Afghanistan's president, Ashraf Ghani, has slammed the Taliban for pushing ahead with its so-called annual spring offensive, despite his "most generous" offer of peace talks.
The Taliban on Wednesday unleashed its new military campaign, code named "Al Khandaq" or the Trench.
The action has since led to scores of coordinated guerrilla-style raids and bombings against Afghan security forces.
On Saturday, the Taliban overran a district center in the troubled northern province of Kunduz, where a major insurgent attack two days ago killed 14 Afghan soldiers.
Separately, a Taliban suicide bomber detonated his explosives-laden vehicle in the early morning Saturday near an Afghan army base in southern Helmand province, killing at least six people and wounding many more.
Speaking in Kabul just hours after the latest insurgent activities, Ghani denounced the Taliban for inflicting violence on their own Muslim nation in the name of a centuries-sacred Islamic battle. He was referring to the title insurgents have chosen for their current spring offensive.
Ghani announced his unconditional offer for peace talks two months ago in a bid to deter the Taliban from intensifying hostilities this year. His initiative included incentives such as allowing the Taliban to open an office in Kabul and to issue travel documents to insurgent negotiators. The offer received support from domestic and international stakeholders.
The Taliban justified launching its new military campaign, saying U.S.-led foreign "occupation" forces were still in control of Afghanistan's "land and air space" and until their withdrawal from the country, no peace talks would be possible with the government.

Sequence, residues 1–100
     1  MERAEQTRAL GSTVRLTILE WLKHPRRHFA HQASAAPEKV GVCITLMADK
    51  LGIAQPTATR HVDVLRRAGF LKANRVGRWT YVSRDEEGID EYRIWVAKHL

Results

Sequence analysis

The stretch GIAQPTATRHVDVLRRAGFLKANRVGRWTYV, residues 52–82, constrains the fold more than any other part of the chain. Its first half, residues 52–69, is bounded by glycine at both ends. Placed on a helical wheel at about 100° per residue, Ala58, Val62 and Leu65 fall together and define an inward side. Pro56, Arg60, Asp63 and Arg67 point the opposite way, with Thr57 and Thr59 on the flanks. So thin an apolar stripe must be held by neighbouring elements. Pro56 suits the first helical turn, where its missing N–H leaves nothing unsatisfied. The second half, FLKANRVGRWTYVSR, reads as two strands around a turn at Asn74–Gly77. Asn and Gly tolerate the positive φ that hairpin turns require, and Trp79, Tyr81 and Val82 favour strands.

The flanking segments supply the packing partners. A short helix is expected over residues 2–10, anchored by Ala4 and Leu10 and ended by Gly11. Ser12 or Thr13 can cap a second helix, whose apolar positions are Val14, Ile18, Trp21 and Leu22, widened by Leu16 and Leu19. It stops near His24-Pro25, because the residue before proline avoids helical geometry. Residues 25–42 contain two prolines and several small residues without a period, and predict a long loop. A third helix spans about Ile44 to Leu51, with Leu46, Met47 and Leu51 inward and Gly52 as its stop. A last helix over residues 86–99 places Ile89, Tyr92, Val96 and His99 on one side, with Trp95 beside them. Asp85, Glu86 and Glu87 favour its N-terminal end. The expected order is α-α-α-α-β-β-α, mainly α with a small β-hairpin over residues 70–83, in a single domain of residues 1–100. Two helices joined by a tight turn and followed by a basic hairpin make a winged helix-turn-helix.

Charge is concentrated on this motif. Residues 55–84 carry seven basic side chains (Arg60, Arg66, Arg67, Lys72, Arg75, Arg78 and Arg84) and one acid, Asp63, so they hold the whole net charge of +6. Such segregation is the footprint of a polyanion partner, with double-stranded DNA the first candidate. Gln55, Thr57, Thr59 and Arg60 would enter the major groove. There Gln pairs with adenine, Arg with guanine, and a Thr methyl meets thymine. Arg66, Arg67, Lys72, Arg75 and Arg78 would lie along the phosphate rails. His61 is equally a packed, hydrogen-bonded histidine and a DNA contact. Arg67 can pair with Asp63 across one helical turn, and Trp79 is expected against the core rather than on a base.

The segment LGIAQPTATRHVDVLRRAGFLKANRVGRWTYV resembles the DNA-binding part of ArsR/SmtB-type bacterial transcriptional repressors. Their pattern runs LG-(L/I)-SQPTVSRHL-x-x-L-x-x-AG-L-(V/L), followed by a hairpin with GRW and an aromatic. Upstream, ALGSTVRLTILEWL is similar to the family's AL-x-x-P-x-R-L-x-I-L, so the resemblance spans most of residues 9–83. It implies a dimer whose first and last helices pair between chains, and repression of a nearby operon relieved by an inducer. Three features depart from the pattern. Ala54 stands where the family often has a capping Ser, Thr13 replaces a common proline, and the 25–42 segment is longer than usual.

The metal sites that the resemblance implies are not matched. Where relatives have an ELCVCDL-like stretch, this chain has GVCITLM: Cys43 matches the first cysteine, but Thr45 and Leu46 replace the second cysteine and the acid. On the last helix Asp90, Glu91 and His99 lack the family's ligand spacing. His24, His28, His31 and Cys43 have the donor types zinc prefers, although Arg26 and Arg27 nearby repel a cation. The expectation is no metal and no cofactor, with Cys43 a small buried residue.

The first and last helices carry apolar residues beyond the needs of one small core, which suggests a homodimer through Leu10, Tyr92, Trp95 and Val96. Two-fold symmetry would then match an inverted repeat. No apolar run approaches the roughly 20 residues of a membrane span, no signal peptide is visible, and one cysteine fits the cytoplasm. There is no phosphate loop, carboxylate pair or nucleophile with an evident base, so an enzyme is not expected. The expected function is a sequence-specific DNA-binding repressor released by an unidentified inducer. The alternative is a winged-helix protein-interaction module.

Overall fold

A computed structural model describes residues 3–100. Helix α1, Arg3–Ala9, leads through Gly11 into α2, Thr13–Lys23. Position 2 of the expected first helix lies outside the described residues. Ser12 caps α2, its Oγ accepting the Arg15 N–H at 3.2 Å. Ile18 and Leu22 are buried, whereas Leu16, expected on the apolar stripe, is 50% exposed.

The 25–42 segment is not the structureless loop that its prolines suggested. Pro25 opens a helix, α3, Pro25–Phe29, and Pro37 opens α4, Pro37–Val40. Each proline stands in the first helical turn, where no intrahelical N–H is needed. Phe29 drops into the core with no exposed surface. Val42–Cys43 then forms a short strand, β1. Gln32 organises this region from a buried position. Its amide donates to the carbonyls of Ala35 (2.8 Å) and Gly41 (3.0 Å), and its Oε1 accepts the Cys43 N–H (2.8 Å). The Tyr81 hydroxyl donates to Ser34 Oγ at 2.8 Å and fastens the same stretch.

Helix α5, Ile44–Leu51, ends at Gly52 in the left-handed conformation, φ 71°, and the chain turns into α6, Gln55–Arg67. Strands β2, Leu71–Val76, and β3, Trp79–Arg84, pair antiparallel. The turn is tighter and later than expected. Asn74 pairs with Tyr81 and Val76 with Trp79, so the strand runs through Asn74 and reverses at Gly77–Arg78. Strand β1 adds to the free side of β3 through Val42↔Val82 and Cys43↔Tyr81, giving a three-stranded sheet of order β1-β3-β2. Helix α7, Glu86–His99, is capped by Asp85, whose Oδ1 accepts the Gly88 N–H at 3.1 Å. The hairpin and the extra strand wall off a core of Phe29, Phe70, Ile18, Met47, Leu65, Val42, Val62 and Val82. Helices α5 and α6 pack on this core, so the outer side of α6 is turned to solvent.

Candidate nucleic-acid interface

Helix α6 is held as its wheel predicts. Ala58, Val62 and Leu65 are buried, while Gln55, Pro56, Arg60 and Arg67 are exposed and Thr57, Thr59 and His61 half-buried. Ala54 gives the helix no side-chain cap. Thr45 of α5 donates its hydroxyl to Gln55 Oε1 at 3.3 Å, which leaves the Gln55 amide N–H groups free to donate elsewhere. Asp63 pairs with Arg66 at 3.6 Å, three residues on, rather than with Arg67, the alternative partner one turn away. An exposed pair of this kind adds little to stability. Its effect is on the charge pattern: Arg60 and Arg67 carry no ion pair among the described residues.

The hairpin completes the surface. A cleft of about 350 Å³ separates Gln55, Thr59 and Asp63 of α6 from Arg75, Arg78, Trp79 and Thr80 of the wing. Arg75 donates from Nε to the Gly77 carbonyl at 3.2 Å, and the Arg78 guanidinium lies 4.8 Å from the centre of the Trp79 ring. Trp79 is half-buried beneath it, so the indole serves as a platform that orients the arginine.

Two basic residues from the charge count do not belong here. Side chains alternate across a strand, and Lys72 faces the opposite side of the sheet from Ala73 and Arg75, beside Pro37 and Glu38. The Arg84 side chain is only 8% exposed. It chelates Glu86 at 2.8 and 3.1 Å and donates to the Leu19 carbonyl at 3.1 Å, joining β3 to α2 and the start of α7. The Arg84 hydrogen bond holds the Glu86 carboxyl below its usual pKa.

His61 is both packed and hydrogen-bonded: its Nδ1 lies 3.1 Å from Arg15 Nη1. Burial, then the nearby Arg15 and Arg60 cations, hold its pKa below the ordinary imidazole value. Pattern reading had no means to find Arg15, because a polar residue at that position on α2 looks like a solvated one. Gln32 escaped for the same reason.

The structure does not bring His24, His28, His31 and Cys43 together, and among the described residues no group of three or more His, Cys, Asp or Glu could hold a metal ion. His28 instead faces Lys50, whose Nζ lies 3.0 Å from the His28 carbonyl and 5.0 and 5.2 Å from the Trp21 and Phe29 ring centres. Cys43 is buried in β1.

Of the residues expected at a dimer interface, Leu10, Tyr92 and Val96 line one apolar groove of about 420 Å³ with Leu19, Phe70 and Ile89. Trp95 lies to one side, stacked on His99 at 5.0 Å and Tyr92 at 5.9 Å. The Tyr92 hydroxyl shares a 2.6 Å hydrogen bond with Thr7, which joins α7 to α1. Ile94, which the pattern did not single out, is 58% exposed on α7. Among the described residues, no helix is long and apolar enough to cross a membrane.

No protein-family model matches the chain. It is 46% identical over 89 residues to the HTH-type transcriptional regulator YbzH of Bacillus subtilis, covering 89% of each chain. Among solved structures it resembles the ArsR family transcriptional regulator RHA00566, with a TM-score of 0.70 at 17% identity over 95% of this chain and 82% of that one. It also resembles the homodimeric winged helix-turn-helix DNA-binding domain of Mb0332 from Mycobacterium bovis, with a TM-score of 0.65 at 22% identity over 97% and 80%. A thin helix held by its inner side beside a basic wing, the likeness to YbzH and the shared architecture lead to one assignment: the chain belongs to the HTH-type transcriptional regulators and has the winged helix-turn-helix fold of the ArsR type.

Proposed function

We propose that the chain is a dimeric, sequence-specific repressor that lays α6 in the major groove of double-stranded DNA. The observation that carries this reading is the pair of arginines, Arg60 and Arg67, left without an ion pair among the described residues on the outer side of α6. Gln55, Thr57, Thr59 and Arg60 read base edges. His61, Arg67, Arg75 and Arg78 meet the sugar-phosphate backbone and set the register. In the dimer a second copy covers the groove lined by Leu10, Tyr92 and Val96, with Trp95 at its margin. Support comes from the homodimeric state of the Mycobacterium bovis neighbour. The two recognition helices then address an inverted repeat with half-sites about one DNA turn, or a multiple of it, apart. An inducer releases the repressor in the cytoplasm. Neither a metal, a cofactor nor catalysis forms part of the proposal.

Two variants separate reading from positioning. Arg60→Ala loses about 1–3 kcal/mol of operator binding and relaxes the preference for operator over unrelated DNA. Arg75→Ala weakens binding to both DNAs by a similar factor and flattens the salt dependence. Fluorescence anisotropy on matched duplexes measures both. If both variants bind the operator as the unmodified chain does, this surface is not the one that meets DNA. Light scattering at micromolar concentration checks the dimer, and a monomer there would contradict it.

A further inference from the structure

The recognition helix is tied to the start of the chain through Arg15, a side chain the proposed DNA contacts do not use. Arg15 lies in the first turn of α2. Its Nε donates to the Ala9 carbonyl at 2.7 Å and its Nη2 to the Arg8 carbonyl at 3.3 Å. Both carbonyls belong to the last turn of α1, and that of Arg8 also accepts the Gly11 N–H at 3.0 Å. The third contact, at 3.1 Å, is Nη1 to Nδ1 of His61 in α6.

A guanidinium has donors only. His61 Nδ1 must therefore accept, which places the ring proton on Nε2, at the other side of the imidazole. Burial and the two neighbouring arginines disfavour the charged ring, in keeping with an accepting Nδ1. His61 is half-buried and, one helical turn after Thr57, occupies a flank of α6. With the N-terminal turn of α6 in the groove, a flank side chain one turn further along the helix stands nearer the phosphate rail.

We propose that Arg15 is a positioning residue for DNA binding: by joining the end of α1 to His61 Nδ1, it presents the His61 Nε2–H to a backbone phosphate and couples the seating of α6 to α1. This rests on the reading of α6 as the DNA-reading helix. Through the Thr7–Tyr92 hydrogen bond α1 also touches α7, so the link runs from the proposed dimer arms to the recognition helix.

The Afghan president defended the presence of foreign forces, citing the new insurgent offensive and the Taliban's alleged links with international terrorists.
Ghani, in his address toa gathering of officials, politicians and religious leaders at the presidential palace, said his security forces are resolved to defend the country against the Taliban onslaught.
"If you [Taliban] want war, then we will respond with more power. You must know that our nation stands in front of you," Ghani said to the Taliban.
He went on to urge Afghans to join him in denouncing the insurgents for hurting innocent civilians in the name of religion.
"I call on the entire [Afghan] nation, especially our respectable jihadi personalities, religious scholars and national leaders, to declare through a fatwa [edict] that this [Taliban] war is against Islamic Sharia," Ghani said.
President Ghani said his government is not giving up on efforts to peacefully resolve the Afghan conflict. He reiterated his determinationto undertake political reforms to ensure this year'sparliamentary and district council elections, as well as next year's presidential polls, are held in a fair and transparent manner.
The spike in Taliban attacks is being seen as a major security challenge for the upcoming elections in Afghanistan.
Meanwhile, aTaliban rocket attack in eastern Nangarhar province on Saturdaykilled five civilians and wounded three others.
A provincial government spokesman, Attaullah Khogyani, said three women were among those killed.